Large parts of Germany’s sanctions and export control regime are governed by EU law.  Financial sanctions are imposed by the EU, and they are enforced by the EU member states, including Germany (see also the chapters of the EU, France and Italy).  The export control regime in Germany, as elsewhere in the EU, is largely rooted in the laws of the member states, but interplays with specific EU regulations, including the EU Dual-Use Regulation (EU No. 2021/821), the EU Common Military List and further specific export control regulations implemented as parts of sanctions packages.  That is, Germany has established its export control regime in the German Foreign Trade and Payments Act and in the Foreign Trade and Payments Ordinance.

Sanctions imposed by the EU take the form of EU regulations and as such are directly applicable in all EU Member States, and therefore also in Germany.  As the EU regulations leave to the individual EU Member States how to implement measures against violations of EU sanctions into their respective national laws, such violations are governed by the German Foreign Trade and Payments Act as well as the German Trade and Payments Ordinance.  Decisions concerning sanctions are taken unanimously by the Council of the EU on the basis of proposals by the High Representative of the Union for Foreign Affairs and Security Policy.  Some types of sanctions, such as travel bans, fall outside the EU’s reach and must be implemented by individual member states.

In Germany, UN sanctions are mostly implemented via EU sanctions, which directly apply in Germany.  However, if the implementation in Germany via EU sanctions would require too much time and would thus create a delay between listing by the UN and applicability in Germany, UN sanctions will be implemented by Germany itself based on the Germany Foreign Trade and Payments Act.

Violations of EU sanctions and German foreign trade law, including Germany’s export control regime, may be punished as criminal offenses or as administrative offenses.  Intentional violations constitute criminal offenses.  Negligent violations constitute administrative offenses.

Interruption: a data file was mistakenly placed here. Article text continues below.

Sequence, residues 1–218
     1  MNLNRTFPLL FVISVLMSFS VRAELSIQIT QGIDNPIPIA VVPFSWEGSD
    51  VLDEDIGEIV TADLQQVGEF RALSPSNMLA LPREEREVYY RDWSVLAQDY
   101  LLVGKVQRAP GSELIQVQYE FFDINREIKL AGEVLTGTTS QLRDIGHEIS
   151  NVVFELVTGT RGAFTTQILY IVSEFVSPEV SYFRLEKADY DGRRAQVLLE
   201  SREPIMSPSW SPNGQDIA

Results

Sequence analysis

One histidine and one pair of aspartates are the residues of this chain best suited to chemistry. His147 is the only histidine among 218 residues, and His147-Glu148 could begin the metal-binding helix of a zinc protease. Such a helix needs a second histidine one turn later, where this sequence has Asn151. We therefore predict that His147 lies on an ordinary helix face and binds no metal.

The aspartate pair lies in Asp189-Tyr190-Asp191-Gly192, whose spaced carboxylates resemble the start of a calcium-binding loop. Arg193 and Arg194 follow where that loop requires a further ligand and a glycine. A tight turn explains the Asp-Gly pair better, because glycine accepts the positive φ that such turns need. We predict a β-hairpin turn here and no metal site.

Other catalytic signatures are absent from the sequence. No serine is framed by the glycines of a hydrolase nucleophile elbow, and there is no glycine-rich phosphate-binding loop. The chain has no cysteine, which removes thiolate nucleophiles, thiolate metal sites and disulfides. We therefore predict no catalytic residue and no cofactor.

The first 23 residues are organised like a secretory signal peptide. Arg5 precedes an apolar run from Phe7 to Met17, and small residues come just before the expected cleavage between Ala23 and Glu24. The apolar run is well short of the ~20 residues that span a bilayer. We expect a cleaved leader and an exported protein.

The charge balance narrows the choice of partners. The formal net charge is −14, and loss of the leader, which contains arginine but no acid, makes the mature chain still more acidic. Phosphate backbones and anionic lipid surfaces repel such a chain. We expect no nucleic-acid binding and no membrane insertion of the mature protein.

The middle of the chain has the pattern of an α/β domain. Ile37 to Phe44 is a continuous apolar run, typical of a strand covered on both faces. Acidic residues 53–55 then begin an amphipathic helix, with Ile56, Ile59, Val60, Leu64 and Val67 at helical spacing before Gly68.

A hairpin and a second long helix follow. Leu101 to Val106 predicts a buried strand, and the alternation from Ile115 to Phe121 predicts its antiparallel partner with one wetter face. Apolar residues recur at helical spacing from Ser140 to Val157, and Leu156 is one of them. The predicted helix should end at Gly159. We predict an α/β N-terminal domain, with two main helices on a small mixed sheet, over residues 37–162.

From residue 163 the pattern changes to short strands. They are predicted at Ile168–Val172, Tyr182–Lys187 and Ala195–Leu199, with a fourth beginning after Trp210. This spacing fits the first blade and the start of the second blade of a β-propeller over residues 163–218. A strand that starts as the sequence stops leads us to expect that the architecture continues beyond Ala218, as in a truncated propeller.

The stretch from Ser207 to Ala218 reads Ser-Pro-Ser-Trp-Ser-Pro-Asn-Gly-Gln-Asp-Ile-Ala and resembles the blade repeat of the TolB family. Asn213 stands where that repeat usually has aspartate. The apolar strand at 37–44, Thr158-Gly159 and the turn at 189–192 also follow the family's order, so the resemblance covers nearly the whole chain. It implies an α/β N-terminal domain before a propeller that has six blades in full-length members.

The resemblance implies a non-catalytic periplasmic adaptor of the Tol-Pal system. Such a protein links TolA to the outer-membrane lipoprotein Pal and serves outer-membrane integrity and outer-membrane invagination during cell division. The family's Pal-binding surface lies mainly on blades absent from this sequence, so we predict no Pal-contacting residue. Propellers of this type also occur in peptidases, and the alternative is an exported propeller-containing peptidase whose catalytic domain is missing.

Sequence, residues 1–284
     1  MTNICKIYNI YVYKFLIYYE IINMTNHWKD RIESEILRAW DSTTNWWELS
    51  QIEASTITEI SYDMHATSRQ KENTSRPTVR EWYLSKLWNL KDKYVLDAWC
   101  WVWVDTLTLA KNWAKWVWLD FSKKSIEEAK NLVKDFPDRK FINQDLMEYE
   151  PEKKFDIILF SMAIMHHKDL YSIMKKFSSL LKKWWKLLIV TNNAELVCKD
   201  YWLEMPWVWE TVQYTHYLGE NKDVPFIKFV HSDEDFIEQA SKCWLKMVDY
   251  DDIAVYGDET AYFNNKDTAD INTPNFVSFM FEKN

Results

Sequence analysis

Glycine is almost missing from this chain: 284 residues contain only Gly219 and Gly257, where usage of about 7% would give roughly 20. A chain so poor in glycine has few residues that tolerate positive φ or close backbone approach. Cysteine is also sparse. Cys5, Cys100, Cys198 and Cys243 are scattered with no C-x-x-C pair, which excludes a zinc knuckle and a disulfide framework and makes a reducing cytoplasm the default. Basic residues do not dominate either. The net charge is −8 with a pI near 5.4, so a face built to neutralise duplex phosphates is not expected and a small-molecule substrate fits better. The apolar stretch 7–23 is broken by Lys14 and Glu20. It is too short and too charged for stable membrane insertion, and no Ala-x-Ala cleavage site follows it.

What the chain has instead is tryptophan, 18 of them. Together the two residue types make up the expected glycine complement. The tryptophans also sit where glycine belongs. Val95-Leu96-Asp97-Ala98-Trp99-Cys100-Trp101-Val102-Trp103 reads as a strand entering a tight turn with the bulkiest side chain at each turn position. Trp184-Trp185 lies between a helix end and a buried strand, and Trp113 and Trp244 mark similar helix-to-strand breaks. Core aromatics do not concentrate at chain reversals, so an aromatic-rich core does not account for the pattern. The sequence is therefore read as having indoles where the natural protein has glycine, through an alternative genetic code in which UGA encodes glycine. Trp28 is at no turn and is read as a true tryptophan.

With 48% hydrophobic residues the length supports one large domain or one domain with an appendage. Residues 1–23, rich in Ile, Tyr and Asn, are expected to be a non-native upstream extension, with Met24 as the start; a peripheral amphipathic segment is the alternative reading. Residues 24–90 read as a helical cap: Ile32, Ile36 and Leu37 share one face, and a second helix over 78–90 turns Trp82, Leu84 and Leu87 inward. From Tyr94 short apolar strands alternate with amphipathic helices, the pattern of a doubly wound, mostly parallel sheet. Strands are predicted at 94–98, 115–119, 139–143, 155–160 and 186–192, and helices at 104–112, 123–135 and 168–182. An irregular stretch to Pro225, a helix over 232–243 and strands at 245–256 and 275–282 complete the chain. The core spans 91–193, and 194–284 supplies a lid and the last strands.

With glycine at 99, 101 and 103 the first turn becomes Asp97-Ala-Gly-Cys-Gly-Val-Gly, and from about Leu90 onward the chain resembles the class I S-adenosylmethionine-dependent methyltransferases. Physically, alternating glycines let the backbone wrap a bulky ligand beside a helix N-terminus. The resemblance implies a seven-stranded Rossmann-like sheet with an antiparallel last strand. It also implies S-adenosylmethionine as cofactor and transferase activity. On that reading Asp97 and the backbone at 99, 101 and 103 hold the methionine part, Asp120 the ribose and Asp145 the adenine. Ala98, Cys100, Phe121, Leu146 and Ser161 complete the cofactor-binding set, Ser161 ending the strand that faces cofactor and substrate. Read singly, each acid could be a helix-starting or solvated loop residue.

Under German law, criminal offenses can be committed  only by individuals.  However, criminal offenses committed by individuals on behalf of or within the scope of their work for a corporation may also lead to liability for the corporation.  If the crime was committed by a director or an officer, or the management has failed to install adequate compliance mechanisms, corporations (and members of their top management) may be sentenced to pay administrative fines or to forfeit all economic proceeds.

Germany enforces the EU Blocking Statute.  The effect of the EU Blocking Statute is to prohibit compliance by EU entities with, inter alia, the reimposed U.S. sanctions on Iran, as well as certain U.S. sanctions on Cuba.  The EU does not recognize the extraterritorial application of laws adopted by third countries and views such effects to be contrary to international law.  The EU Blocking Statute, inter alia, prohibits compliance with any legal acts listed in that regulation that “purport to regulate activities of natural or legal persons under the jurisdiction of a Member State”.  The EU member states are responsible for implementing sanctions to be imposed in the event of a breach.  Germany does so by penalizing a breach of the EU Blocking Statute as an administrative offense with a maximum fine of EUR 500,000 and with the potential of additional forfeit of gains.  

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